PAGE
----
Losses of honey bee colonies over the 2015/16 winter. Preliminary results from the COLOSS study
The honey bee research association COLOSS has today announced the preliminary results of their international study of colony losses over the 2015-16 winter.
Data were collected from 29 countries in this initiative, which is the largest and longest running international study of honey bee colony losses. In total 18,693 respondents provided overwintering mortality and other data of their colonies. Collectively, all responding beekeepers managed 399,602 honey bee colonies. The overall proportion of colonies lost was estimated as 11.9 %.
The protocol used to collect this COLOSS data has been internationally standardized to allow comparisons and joint analysis of the data. A more detailed analysis of risk factors calculated from the whole dataset , as well as further colony loss data from other countries, will be published later in the year.
Co-Chairs of the COLOSS Core project for colony losses monitoring Dr Alison Gray and Dr Robert Brodschneider say:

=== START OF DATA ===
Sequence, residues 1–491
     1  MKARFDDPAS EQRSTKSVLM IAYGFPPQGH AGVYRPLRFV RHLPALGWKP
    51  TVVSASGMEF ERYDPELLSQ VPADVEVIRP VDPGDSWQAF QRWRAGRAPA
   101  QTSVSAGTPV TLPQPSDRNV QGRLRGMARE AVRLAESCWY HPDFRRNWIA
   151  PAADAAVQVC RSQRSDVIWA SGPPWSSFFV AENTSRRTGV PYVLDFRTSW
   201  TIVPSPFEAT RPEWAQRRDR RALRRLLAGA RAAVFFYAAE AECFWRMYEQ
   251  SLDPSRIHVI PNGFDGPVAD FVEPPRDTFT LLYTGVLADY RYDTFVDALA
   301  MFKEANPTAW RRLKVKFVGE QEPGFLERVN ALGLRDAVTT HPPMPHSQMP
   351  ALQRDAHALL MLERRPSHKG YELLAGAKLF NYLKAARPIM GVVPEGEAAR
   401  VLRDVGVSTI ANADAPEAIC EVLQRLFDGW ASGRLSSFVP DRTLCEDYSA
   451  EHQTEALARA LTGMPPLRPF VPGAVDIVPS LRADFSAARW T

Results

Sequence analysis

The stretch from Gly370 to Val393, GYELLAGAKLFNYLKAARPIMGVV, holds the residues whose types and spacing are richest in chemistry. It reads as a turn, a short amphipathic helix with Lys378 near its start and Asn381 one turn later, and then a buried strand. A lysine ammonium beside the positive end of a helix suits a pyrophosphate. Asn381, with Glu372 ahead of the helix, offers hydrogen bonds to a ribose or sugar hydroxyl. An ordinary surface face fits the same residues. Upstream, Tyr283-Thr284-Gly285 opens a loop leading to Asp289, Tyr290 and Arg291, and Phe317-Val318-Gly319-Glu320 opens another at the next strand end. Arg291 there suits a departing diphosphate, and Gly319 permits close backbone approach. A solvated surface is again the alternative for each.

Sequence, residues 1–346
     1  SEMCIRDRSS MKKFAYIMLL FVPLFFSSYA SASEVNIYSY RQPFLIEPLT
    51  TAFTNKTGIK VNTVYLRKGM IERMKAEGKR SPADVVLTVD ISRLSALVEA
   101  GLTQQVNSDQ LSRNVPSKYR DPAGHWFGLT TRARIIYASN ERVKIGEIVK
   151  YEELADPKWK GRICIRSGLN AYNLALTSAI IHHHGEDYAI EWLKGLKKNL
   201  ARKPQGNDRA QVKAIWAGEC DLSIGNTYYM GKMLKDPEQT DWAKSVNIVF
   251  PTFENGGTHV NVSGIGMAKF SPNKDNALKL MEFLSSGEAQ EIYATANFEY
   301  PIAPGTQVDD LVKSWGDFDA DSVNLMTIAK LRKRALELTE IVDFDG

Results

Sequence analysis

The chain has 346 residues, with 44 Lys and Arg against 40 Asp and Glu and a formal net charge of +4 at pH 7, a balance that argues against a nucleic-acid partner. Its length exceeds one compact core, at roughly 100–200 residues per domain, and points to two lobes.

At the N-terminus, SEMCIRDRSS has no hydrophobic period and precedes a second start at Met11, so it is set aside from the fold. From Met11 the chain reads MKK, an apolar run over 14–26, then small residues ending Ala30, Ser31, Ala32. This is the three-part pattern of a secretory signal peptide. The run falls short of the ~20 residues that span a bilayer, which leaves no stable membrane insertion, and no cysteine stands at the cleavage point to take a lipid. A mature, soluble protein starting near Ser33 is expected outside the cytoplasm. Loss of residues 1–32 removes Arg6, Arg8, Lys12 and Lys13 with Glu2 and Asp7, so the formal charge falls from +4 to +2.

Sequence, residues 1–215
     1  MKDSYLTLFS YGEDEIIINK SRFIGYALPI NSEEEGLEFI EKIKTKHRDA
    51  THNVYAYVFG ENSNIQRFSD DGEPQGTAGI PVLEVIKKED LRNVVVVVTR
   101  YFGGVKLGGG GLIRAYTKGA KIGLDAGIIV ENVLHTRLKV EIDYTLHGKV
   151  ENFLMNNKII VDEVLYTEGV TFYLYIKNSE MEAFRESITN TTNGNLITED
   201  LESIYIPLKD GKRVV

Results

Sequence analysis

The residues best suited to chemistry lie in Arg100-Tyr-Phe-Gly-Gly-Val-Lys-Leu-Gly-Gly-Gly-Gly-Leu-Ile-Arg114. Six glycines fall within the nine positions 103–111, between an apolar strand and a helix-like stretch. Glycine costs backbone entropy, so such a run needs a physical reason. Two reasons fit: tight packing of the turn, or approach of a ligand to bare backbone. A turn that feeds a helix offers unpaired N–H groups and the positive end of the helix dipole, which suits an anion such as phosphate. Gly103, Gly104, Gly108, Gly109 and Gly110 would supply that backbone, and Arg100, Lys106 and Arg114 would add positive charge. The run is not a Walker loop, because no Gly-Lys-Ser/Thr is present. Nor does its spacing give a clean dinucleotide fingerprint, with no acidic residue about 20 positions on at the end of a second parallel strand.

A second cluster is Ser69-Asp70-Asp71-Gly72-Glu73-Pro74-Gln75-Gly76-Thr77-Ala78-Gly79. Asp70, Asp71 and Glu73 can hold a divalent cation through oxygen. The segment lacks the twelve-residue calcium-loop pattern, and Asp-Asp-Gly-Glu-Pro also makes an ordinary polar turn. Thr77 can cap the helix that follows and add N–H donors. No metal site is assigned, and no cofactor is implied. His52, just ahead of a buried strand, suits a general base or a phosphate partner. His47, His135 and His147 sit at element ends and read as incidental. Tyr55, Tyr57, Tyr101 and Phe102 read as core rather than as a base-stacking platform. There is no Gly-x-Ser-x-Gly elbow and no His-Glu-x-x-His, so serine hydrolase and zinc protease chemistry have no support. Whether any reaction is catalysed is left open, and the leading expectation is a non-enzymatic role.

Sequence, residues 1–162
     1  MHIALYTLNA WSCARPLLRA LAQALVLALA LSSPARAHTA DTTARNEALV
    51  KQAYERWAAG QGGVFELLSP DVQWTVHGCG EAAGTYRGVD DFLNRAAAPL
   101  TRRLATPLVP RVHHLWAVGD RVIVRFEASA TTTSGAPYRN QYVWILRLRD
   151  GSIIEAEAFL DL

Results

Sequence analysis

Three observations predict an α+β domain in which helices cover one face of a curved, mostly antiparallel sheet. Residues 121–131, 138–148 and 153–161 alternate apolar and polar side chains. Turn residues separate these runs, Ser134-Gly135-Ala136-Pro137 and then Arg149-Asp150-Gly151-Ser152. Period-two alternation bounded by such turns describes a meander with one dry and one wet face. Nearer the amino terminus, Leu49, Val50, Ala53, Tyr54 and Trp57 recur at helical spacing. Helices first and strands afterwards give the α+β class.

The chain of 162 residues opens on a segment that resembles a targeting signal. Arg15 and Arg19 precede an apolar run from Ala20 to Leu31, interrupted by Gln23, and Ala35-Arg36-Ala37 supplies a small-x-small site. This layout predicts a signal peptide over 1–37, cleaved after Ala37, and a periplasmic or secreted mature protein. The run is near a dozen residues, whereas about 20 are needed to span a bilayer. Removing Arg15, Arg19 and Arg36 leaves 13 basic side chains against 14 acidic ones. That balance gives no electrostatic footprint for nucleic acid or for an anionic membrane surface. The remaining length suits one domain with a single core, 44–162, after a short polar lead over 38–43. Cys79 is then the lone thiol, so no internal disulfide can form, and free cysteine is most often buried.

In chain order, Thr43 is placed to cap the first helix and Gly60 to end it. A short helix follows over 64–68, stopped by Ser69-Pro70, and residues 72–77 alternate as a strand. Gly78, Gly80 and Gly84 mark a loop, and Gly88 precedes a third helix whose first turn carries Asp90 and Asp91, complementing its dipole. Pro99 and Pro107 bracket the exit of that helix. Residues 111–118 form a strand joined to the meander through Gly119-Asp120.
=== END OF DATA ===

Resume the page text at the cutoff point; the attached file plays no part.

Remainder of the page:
“These loss rates vary considerably between countries. In this year’s survey the highest losses were found in Ireland and Northern Ireland, followed by Wales and Spain. The pattern of loss rates differs from last year, when higher mortality and loss rates were found in central Europe and countries to the east. This year the higher loss rates tend to be in the west and northern countries, although Spain had high rates of loss in both years. All the loss rates quoted here include losses due to unresolvable queen problems after winter, as well as colonies that died over winter for various reasons. Losses due to queen problems were unexpectedly high in some countries and this will be a matter of further investigation.”
Romée van der Zee of the COLOSS Core project for colony losses monitoring says:
“Spring and early summer (March-July) were cold in Norway, Scotland, Sweden, Denmark and Ireland, with mean temperatures ranging from 12.8 – 14.4 °C. This may have had negative effects on colony development, resulting in both relatively high numbers of dead colonies and unsolvable queen problems after winter. A more detailed analysis may reveal the effects of other important factors, such as the role of the honey bee parasite Varroa destructor.”